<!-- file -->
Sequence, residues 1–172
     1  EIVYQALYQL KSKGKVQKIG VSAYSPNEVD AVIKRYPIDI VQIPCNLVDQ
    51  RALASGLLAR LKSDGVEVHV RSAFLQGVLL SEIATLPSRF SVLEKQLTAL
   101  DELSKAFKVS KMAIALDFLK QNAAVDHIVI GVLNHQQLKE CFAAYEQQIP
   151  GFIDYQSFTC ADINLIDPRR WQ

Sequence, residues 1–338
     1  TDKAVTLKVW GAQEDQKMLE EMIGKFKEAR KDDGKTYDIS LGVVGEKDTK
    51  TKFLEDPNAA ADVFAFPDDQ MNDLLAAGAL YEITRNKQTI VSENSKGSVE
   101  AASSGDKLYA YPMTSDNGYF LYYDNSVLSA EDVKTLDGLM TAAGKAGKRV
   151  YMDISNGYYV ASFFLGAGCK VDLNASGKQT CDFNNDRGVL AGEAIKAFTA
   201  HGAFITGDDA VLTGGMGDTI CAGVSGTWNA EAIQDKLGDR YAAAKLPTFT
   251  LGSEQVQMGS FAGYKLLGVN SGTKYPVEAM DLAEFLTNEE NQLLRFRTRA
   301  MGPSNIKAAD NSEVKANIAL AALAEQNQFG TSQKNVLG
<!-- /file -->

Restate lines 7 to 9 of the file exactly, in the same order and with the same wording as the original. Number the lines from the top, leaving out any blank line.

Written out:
     1  TDKAVTLKVW GAQEDQKMLE EMIGKFKEAR KDDGKTYDIS LGVVGEKDTK
    51  TKFLEDPNAA ADVFAFPDDQ MNDLLAAGAL YEITRNKQTI VSENSKGSVE
   101  AASSGDKLYA YPMTSDNGYF LYYDNSVLSA EDVKTLDGLM TAAGKAGKRV